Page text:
Three Humanities Faculty Invited to Join Summer Leadership Development Program

Assistant Professor of English and Creative Writing Jessica Guzman, Assistant Professor of English Christine Woody, and Assistant Professor of Sociology Jennifer Padilla Wyse have been invited to participate in Swarthmore College’s Humanities Leadership Development Program. 

This program is designed for faculty in the humanities and will provide facilitated discussions, guest speakers, case studies, and more for faculty from Widener and select other Philadelphia-area colleges and universities. The goal is to support faculty in growing their leadership skills and continuing to step into leadership roles within their institutions. The experience is funded by a grant from The Mellon Foundation, a known advocate for humanities and the arts.

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Zora DeSeignora '23 with the Janice Bond Memorial Plaque and Award for Graduating Seniors
College of Arts & Sciences

Spanish and Communications Student Receives Janice Bond Memorial Award for Graduating Senior

By: Riya Sembhi '25 secondary education, English

Zora DeSeignora ’23, a double major in Spanish and Communications, has been awarded the Janice Bond Memorial Plaque and Award for Graduating Seniors from the Pan American Association of Philadelphia. She is the first student from Widener to receive this award, which is given to graduating seniors of local colleges and universities for excellence in courses related to Latin America during their four years.

The award was presented at the 2023 Pan American Day Celebration & Scholarship Luncheon at the Kimmel Center in Philadelphia. Joining Zora at the event was her father, John, and Professor of Spanish Beatriz Urraca. The luncheon provided networking opportunities for students present, as well as a keynote address from Ramón Eduardo Martínez de la Guardia, Ambassador of Panama to the United States.

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David J. Coughlin
College of Arts & Sciences

Biology Professor Receives Cynthia H. Sarnoski Faculty Fellowship to Continue Climate Change Research

Biology Professor David Coughlin has been awarded the Cynthia H. Sarnoski Faculty Fellowship award to support his research focused on climate change and wild brook trout. This is the second time Coughlin has been the recipient of this award, which will run from July 2023 through June 2025.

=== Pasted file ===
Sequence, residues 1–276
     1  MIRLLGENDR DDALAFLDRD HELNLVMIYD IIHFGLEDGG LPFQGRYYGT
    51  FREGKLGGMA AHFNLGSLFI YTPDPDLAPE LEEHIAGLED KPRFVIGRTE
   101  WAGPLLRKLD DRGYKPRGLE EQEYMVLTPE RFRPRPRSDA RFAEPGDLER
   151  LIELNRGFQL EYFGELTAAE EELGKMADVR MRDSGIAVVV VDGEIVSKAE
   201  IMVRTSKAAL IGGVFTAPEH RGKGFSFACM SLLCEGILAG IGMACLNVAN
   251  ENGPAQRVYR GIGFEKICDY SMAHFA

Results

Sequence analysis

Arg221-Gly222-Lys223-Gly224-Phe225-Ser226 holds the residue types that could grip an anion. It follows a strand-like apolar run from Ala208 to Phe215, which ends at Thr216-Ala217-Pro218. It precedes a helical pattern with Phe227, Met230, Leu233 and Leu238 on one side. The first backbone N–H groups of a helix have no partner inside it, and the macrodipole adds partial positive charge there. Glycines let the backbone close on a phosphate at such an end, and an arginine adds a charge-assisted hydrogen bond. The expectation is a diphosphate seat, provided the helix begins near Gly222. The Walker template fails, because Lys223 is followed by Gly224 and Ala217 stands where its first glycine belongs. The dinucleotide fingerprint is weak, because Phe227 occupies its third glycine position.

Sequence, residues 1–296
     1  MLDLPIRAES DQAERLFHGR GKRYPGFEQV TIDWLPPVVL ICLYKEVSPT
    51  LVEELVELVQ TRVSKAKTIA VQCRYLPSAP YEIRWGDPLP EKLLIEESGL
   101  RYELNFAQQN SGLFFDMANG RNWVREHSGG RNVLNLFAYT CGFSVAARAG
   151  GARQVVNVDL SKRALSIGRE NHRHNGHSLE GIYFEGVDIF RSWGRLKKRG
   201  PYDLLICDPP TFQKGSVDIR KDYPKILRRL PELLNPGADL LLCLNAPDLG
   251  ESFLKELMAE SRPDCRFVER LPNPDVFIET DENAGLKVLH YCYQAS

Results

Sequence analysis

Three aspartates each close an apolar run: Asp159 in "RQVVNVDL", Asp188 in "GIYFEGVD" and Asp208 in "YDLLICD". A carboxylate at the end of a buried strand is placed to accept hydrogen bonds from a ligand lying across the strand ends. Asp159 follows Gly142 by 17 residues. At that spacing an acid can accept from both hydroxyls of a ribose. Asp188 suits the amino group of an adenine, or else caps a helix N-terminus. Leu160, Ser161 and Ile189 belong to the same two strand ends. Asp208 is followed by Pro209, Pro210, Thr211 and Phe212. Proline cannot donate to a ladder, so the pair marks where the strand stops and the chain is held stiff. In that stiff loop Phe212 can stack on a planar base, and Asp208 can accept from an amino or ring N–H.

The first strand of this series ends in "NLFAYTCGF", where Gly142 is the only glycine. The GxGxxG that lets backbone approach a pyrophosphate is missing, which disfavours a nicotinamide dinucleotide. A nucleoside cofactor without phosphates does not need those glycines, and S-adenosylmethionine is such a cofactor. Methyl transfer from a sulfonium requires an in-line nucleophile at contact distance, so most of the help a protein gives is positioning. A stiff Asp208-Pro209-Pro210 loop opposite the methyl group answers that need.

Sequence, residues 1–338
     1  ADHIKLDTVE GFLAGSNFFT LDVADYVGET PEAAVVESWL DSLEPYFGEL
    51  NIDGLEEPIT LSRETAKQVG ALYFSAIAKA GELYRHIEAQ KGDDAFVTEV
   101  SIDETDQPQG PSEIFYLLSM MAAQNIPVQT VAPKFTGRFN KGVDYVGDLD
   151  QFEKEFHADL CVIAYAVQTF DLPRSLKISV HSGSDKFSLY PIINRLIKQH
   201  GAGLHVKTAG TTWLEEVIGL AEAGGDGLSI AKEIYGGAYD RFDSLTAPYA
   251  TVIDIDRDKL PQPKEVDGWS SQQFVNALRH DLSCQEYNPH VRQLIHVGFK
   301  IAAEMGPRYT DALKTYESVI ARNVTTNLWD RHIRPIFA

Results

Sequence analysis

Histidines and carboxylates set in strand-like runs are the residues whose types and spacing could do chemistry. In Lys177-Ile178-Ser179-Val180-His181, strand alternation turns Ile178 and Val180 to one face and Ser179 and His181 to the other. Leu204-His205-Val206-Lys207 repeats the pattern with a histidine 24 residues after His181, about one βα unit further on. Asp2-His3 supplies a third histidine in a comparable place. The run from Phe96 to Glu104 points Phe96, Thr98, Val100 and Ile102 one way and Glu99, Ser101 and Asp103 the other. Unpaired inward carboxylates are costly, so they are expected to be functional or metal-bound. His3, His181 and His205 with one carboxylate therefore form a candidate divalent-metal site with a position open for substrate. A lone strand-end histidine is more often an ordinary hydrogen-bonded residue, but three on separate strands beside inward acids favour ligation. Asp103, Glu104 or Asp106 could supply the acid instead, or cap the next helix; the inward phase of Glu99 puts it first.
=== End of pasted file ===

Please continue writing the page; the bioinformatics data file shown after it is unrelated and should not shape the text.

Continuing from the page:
“The future of biological systems, upon which humans depend, is imperiled by climate change. My laboratory uses multiple experimental approaches to examine how changes in the environment affect the physiological performance of a given organism,” Coughlin explained.

Coughlin works together with Widener students to examine the impact of rising temperatures due to climate change on muscle function in brook trout. Working in the lab, the team has found a strong physiological response to a warming environment in a controlled setting. In the past year, Coughlin has begun analyzing wild, native brook trout populations across the state of Pennsylvania. 

“This study aims to bring data together from throughout the year to determine how wild trout are responding to changing environmental temperatures,” says Coughlin. “We hope to gain insights that will contribute to management of threatened brook trout populations.”

The Sarnoski Fellowship supports science faculty through a generous gift made by Cynthia H. Sarnoski, who serves as vice chair of Widener’s Board of Trustees. Sarnoski graduated from Widener in 1974 with a bachelor's degree in chemistry. She is a retired senior vice president for Global Compliance and Quality Systems for Pfizer Pharmaceuticals. 

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Janice L. Krumm
College of Arts & Sciences

Biology Faculty Receives Continued National Science Foundation Funding

Associate Professor of Biology Janice Krumm is the recipient of over $143,000 from the National Science Foundation to continue a multi-year project aimed at making undergraduate research more accessible for students. This is the fourth grant that this project has received, bringing the total funding to nearly $2 million of which nearly half has been awarded directly to Widener. 

Krumm served as primary investigator for the first three awards and is now collaborating with additional researchers from George Washington University, Texas Tech University, Westfield State University, and Anoka-Ramsey Community College. The project has been focused on creating Course Based Undergraduate Research (CURE) classes which utilize a newly created online database of natural history resources that are free and available for use by students across the country. 

This new funding will:

  • Support recruitment and training of more faculty nationwide to implement accessible CURE strategies into their classrooms
  • Allow researchers, like Dr. Krumm, to assess the effectiveness of these new practices using newly designed research instruments
  • Provide funding to support students participating in these CURE courses to attend national conferences to present their research. Dr. Krumm estimates that nearly 100 students will be able to attend and present their work over the next 3 years.